Investment in the "global economy" remains a domestic matter:
The fact is, the total amount of the world's capital formation that is generated from foreign direct investment (FDI) has been less than 10% for the last three years for which data are available (2003-2005). In other words, more than 90% of the fixed investment around the world is still domestic. And though merger waves can push the ratio higher, it has never reached 20%.
The benefits that were supposed to accrue from the world being brought closer together under the careful and judicious management of a single hegemon and single hegemonic system have certainly not been guided to the many in those parts of the world that do not participate in the system as active members. Developing nations continue to suffer as the already industrialized take advantage of them, using their people as convenient supplies of labor; populations who, in Marx's thinking, should be ripe for revolution. And indeed, these people are beginning to organize, their discontents spawning terrorism and increasing agitation for reform.
Of course, there are ways of alleviating current tensions, even within an environment of seemingly unstoppable globalization. While Marx recognized the importance of providing for all members of the population equally, he did not foresee that other economic theorists would arrive at a similar idea. Welfare capitalism can be seen as a Liberal political and socio-economic response to the potential horrors of an unrestrained free market economy. Liberals saw the possibility of reform where Marx did not.
Social welfare systems offer the realistic possibility of ameliorating the conditions that unfettered capitalistic expansion produces. The dislocation of labor, the robbing of individuals of their "choice" in employment, and their ability to effectively set wages, can all be addressed through appropriate programs and legislation. As capitalism, in the form of industrial development and exploitation, comes to an area, it tends to alter the local basis of subsistence. Traditional ways of making a living are replaced by new methods, often ones controlled by outside forces. This is especially the case in much of the developing world today. Even that great economic success story, China, owes a considerable part of increased production to its having attracted the manufacturing operations of the United States and other long-developed nations. American manufacturing concerns close their own plants and either open new ones in China or simply make use of pre-existing (or recently created) Chinese facilities. Though advantageous to the owners of the original manufacturer, and also to the proprietors of the new plant, the process comes with high costs for workers at both ends of the equation. American workers not only lose jobs, and the nation the buying power that these lost incomes might have meant, but the United States itself is in some sense diminished on the international stage as it loses control over the forces of industrial production. As Jessica Matthews stated in Foreign Affairs in 1995:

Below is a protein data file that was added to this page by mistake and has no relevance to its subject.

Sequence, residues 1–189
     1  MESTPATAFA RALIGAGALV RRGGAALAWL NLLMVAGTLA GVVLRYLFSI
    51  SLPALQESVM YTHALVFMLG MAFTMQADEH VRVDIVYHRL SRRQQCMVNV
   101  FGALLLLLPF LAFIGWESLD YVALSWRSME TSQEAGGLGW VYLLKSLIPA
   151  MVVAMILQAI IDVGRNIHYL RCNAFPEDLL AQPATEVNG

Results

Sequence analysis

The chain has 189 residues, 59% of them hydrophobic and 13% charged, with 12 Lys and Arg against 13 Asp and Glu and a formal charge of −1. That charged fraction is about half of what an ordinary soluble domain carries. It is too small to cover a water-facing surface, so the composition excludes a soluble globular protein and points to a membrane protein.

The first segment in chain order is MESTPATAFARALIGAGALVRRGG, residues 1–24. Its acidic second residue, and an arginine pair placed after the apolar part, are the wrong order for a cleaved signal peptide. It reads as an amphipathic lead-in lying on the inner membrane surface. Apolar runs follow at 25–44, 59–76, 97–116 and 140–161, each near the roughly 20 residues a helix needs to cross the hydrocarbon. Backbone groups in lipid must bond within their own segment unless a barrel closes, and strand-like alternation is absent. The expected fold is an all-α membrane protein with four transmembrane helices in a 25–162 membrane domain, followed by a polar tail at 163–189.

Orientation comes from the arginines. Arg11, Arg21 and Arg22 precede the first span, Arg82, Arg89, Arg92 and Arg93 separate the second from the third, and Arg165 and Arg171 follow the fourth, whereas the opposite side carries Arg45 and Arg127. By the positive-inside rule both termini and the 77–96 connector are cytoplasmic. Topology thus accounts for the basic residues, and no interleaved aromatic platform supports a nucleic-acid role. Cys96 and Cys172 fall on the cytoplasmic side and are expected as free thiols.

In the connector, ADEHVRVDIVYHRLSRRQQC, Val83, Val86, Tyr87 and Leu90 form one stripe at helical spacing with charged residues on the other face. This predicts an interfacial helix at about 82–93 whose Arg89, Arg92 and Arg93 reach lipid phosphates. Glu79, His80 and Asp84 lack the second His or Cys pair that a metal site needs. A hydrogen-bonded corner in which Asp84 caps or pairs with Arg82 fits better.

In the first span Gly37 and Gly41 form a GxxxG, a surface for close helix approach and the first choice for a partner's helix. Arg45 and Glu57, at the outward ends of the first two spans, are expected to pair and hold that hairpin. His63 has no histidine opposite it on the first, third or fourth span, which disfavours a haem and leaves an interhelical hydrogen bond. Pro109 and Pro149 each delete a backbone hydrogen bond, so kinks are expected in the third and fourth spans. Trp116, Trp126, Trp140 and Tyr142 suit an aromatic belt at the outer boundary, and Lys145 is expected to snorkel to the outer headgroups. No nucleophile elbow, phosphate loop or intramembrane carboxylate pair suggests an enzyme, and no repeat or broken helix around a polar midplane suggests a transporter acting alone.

National governments are not simply losing autonomy in a globalizing economy. They are sharing powers - including political, social, and security roles at the core of sovereignty - with businesses, with international organizations, and with a multitude of citizens groups, known as non-governmental organizations... The absolutes of the Westphalian system - territorially fixed states where everything of value lies within some state's borders; a single secular authority governing each territory and representing it outside its borders; and no authority above states - are all dissolving. Increasingly, resources and threats that matter, including money, information, pollution, and popular culture, circulate and shape lives and economics with little regard for political boundaries.
Worker discontent arises more and more from factors beyond governmental control. Globalization makes global problems of what were formerly merely local concerns. Government-sponsored social welfare schemes must adjust to new realities, and take into account new causes for problems that may themselves be long standing but have appeared in guises.